Thinking with Technology
Module 1 - Targeting Thinking in the Classroom

Grade 3 Mathematics

The Case of Mrs. Chen's Grade 3 class

Mrs. Chen’s Grade 3 class are learning about multiplication. To encourage her learners to deepen their understanding of numbers, Mrs. Chen urged them to look for patterns in the chart and to make conjectures.

She asked them, “Do you see any patterns in the charts you are making? Can you make any guesses about any of those patterns?” The class worked in pairs to investigate the multiplication chart.

Jesse and Samantha noticed that they could compute 4 x 8 by doubling 2 x 8 and wondered if that worked for other problems. During whole class discussion, Mrs. Chen asked Jesse and Samantha to share what they had noticed with their classmates.

She asked several learners to restate the idea and then discussed this process with the class

Mrs. Chen: Do you think Jesse and Samantha’s way of multiplying by 4—by doubling and then doubling again—works with problems other than 4 x 8?”

Matt:     Because if you have 2 times 8 and 4 times 8, you’re doubling the answer. It works every time.

Lindsey: It has to be doubled because you’re doing the same thing over again. It’s like you did 2 times 8 is 16 and then you did 2 times 8 is 16 again, so it has to be 32.

Ben:     What you are doing is counting by 8s, so you’re counting ahead, you’re skipping some of the 8’s. You’re doing another two of them, so it’s like doubling them up.

Mrs. Chen:  What do others think about this idea? Does it always work?

Lindsey: I tried to see if it would work with triples, so I did 2 times 8 and 6 times 8, and it worked. You multiply it by 3 and the answer is tripled.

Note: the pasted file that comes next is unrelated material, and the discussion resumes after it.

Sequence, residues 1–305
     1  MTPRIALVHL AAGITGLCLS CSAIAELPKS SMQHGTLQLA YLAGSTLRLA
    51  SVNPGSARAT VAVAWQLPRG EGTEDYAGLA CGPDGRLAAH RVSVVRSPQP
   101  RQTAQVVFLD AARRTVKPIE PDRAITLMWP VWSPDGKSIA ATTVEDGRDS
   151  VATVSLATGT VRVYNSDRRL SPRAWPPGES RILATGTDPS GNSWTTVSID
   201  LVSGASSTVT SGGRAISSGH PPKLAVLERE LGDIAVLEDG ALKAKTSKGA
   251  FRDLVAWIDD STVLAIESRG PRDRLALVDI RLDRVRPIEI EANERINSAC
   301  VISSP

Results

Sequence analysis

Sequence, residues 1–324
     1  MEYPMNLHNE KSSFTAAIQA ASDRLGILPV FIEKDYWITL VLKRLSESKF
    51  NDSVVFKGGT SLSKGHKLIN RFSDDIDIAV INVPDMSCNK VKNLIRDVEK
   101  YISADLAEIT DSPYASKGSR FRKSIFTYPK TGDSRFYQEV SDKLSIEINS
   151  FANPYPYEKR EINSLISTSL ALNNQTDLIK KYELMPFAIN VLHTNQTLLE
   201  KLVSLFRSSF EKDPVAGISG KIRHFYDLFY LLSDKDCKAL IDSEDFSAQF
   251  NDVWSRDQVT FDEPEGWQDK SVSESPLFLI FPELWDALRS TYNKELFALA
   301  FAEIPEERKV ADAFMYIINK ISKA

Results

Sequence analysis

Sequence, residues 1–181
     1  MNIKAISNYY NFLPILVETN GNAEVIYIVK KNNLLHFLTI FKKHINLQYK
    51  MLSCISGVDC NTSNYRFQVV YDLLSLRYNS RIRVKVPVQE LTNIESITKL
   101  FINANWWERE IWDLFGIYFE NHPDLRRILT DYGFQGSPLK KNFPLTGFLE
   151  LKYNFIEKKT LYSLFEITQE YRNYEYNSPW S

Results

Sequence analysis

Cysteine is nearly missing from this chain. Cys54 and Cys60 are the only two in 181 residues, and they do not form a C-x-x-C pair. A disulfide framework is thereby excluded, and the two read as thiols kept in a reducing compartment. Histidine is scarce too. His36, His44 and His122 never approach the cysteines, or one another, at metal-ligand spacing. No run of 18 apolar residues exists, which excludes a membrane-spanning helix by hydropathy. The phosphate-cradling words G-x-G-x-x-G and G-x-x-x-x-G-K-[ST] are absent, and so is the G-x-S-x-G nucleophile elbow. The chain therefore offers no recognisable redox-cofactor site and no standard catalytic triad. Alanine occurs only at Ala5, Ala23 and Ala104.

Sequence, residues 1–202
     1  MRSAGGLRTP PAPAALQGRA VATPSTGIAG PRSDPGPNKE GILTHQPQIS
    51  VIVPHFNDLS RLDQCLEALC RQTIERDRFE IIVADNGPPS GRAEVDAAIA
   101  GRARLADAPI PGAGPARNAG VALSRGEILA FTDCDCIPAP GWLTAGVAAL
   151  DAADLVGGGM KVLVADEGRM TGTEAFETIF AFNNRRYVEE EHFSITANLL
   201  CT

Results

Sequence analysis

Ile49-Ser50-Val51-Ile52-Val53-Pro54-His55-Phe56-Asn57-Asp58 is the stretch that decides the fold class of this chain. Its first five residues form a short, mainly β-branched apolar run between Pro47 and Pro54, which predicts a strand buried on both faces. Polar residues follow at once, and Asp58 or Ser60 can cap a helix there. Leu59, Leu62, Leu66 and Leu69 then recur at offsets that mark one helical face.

Mrs. Chen: I want you to use your multiplication charts to further explore this idea for tomorrow. I want all of you to see if you can find out if Jesse and Samantha’s method always works and explain why or why not.

The Case of Mr. Mollo's Grade 3 class

Mr. Mollo’s Grade 3 class have been studying multiplication. He gave his learners a partially constructed multiplication chart and asked them to complete it. The class worked individually to complete their multiplication charts.

He asked them, “Do you see any patterns in the chart you are making? Are there easy multiplication facts that can help you with the harder ones?”

Aisha said that she noticed, “The twos were easier than the fours.” Mr. Mollo began asking Aisha a series of questions:

Mr. Mollo: How can you use the twos to help you with the fours Aisha?

Aisha:      ummm, I don’t know.

Mr. Mollo: What is 2 times 8 Aisha?

Aisha:       16

Mr. Mollo: What is 4 times 8 Aisha?

Aisha:      ummm….(long pause)

Mr. Mollo: Can someone help Aisha with the answer to 4 times 8?  Trevor?

Trevor:      32

Mr. Mollo: Thank you Trevor. So, Aisha,  how much bigger is 4 than 2?

Aisha:       2 times bigger.

Mr. Mollo: Yes, or could we say that it is double? That 4 is double 2?

Aisha:       Uh, huh.

Mr. Mollo: What about 16 and 32 Aisha, how much bigger is 32 than 16?

Aisha:       (pause) ummm…double?

Mr. Mollo: Yes, very good. (turning to the class). Can you see this double rule and how it can help you with bigger multiplication problems? I want you to look at your multiplication charts and try out the double rule with other numbers.



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